It would not be appropriate for me to disclose the contents of the letter here, but I will say that it:

 

  • Refers to a specific proposal by ESB Networks/EirGrid to construct a 110 kV transmission line between two identified locations and the possible extension of another line.
  • Announces the achievement of an agreement on "important issues surrounding the delivery of these HV electricity projects".
  • Explains the benefits that the new line would bring.
  • Confirms the terms under which agreement was reached, including the amounts of various payments and how these would be paid in stages.
  • The third and final page contains further information about the nature of the agreement and a signature.

 

Second substantive issue: does the letter constitute or contain environmental information?

The appellant's position

In his request for internal review, the appellant set out why he believed that certain records which he reasonably believed to be held by the Company contained environmental information. The following is my synopsis of his argument:

  • In my earlier decision in AIE appeal case CEI/14/0016, I found that:

"The Grid Link project (a high-voltage power-line construction project) was a measure likely to affect elements of the environment within the meaning of the AIE Regulations".

  • The appellant argued that this finding confirms that the erection of an overhead line is an activity which affects, or is likely to affect, elements of the environment. He further argued that:

"Accordingly, the details of any payments made to landowners as a direct result of the activity relates to and informs the economic analysis of the particular project and future similar projects."

  • He submitted that:

"There is a very close link between the construction of electricity lines, the compensation paid to landowners as a result of that activity and the acquisition of easements for the lines which detail the effects of the line on lands under and adjacent the line."

"The information sought ... relates to the effects which the activity... has on the elements and factors referred to in article 3(1) and 3(1)(b) and to economic analysis relating to and arising as a result of the activities."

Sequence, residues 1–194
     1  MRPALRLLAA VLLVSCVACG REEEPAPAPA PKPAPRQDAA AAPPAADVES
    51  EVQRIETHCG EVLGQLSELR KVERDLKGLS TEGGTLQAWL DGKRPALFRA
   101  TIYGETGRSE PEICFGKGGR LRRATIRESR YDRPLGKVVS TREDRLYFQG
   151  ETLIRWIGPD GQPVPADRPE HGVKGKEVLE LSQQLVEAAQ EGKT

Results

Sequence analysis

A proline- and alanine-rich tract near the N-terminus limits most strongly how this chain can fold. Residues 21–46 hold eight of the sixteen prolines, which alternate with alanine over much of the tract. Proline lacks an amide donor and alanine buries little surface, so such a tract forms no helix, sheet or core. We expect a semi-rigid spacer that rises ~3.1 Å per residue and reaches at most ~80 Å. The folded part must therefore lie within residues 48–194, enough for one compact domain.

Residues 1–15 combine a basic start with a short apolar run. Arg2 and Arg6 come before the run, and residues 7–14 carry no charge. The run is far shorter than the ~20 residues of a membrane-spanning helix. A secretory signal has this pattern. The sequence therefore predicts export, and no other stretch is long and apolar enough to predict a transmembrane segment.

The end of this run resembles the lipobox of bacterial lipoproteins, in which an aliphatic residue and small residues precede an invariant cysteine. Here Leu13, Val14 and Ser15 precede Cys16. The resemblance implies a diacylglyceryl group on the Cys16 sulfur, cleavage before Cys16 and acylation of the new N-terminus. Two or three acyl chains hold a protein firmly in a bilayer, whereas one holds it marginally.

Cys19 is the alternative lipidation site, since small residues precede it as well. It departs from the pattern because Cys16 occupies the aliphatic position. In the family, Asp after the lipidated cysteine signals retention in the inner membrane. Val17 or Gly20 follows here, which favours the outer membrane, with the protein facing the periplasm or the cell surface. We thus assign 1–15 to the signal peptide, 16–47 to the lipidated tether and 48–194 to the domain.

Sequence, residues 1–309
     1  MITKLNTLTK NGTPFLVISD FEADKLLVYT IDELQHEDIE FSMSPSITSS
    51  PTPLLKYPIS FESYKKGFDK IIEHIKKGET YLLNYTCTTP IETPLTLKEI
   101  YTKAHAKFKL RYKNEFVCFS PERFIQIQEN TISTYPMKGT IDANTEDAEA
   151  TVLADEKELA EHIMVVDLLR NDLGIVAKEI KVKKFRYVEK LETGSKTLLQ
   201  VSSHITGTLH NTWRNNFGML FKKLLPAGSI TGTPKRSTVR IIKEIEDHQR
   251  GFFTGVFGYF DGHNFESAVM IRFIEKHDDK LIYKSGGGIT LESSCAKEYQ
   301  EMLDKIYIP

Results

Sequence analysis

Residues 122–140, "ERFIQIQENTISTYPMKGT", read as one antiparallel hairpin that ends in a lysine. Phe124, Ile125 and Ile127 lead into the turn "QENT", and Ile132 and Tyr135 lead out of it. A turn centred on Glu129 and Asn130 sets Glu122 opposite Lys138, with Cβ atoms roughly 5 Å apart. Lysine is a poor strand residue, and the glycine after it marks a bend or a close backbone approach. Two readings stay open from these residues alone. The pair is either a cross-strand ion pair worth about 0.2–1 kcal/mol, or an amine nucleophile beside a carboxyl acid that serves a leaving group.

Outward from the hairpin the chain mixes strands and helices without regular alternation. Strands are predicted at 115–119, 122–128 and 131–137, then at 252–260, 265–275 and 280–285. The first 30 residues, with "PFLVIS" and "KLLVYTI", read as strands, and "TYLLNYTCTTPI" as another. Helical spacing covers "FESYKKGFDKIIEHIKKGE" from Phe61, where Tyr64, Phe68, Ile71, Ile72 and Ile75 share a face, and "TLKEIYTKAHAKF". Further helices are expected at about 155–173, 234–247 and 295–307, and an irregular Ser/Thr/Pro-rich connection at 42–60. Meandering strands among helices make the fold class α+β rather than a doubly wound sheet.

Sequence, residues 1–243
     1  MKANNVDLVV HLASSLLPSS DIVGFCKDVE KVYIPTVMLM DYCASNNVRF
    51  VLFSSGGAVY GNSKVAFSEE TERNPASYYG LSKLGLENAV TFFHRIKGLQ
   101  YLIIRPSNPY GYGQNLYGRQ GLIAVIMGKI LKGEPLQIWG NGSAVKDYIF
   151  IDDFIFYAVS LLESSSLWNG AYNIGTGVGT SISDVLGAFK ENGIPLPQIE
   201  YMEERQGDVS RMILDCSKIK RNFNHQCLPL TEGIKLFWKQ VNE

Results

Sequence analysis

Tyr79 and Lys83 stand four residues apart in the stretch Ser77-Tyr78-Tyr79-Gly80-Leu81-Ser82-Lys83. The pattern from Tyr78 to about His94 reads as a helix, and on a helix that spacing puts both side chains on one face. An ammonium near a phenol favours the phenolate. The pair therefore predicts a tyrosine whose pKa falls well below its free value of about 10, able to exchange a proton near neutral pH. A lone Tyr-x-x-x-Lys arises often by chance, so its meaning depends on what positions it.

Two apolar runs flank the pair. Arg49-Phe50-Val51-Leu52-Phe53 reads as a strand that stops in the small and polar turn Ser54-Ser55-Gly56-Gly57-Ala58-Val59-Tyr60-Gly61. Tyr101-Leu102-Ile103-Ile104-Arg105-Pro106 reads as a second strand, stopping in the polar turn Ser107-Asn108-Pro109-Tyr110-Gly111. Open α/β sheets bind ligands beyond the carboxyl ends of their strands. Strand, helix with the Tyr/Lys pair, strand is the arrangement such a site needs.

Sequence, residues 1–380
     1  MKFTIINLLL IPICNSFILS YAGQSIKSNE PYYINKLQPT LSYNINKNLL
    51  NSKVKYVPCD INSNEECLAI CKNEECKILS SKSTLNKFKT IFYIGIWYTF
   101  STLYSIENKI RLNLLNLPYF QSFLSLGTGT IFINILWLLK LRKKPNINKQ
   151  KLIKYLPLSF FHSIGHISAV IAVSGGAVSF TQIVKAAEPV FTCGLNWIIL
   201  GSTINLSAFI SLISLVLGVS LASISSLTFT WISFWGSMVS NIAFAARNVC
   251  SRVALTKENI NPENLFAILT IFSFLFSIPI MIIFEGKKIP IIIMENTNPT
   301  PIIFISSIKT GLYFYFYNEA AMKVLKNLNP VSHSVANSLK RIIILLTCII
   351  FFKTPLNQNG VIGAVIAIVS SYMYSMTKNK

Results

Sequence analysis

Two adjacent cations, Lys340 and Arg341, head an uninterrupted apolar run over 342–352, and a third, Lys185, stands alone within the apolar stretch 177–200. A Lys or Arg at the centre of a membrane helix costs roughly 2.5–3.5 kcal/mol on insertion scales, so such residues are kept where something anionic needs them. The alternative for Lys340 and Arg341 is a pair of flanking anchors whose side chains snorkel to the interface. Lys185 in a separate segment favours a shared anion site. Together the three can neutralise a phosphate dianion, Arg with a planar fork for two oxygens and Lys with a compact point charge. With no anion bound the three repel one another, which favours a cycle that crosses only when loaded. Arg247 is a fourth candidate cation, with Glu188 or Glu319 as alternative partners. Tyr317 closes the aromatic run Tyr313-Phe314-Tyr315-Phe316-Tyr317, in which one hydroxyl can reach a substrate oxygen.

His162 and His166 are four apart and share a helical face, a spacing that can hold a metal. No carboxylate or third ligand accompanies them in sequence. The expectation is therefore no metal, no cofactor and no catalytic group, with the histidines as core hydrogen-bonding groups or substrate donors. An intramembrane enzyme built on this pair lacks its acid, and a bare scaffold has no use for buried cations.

"The overall cost of any particular electricity line project includes the cost of acquiring easements and the cost of compensation to landowners as a result of damage to their land caused by the activity is all environmental information".

  • He quoted again from my decision in case CEI/14/0016, which said:

"The withheld information is information on an economic analysis which informed the identification of preferred options for the ... project. This economic analysis was itself an integral part of the project ... [and is] therefore information on an economic analysis used within the framework of a measure likely to affect elements of the environment."

In a later submission to my Office, the appellant expanded on the basis of his belief that the requested information is environmental information.

  • He submitted that the phrase "conflicts with landowners" reflects situations where an electricity line, either proposed or existing, comes into conflict with a landowner's use of land: it describes a situation that needs to be addressed rather than a disagreement between the Company and a landowner. He emphasised that when the Company engages in the development or construction of an electricity line (including dealing with associated conflicts) it is performing a statutory function. He provided examples of how dealing with conflicts can impact on land and landscape. One example was forestry: the Company requires a tree-free corridor wherever a line runs. He submitted that legislation allows the ESB to cut trees as required, but instead of exercising this statutory power, the Company seeks landowner agreement. He suggested, therefore, that the conflicts procedure has an effect on land and information on such procedures is, accordingly, environmental information.